It was a great reminder that most times the greatest gifts we can give another is presence and listening. Too often we see our role in the chaotic lives of others as telling them what to do, how to do it, advice that will make things better and shape to look more like ours. The speaker said today; “I didn’t need someone to tell me all the things I needed to do. I needed someone to let me get it all out so I could sort through it all and figure out what to keep and what to throw away.

Presence and listening. Two of the greatest and perhaps least used treasures we possess.

blessings,
@BrianLoging (Twitter)
thewannabesaint.com

Muddy Words

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Muddy Words

I had an interesting conversation with a gentleman this week who had a unique combination of over-confidence, a persecution complex, an incredibly loud voice and a gift(?) for being able to talk for long periods without taking a breath.

It was hard to follow everything he was saying. There were times when I tried interrupting, even holding up my hand to try to get him to pause long enough for me to say anything! No luck, so I took a breath. Wisdom tells me when water is muddy only being still will allow you to see clearly.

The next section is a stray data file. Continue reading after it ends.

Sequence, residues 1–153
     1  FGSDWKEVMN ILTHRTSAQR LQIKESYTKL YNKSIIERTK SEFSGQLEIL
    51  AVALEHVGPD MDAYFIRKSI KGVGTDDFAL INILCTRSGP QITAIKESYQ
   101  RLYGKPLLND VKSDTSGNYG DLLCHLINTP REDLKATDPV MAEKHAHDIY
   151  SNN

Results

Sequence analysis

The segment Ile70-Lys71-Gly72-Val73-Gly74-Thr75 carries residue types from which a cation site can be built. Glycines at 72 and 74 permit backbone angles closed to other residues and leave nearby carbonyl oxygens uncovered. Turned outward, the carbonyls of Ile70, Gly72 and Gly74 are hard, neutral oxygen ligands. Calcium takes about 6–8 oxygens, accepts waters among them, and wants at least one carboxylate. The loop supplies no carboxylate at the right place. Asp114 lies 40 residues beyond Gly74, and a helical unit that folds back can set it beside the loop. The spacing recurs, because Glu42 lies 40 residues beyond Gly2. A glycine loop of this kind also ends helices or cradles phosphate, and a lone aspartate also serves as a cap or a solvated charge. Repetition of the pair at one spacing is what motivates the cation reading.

So, I listened, without obstructing his word flow and waited. Finally, he was finished and I knew what he was trying to tell me. I didn’t agree but listening and agreeing aren’t the same thing. When I was able to speak with him I did so slowly, purposefully, not with the idea of changing him, but letting him know he had been heard. Doing this made all the difference in the rest of our time together.

It was another reminder we are never the master, always the student when it comes to the lessons wisdom tries teaching us.

blessings,
@BrianLoging (Twitter)
thewannabesaint.com

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Crawl. Walk. Run.

Crawl. Walk. Run.

A couple of weeks ago I shared; “My Depression and Anxiety Story” (https://thewannabesaint.com/2016/04/27/my-depression-and-anxiety-story/) after I had gone on my first run in over two years.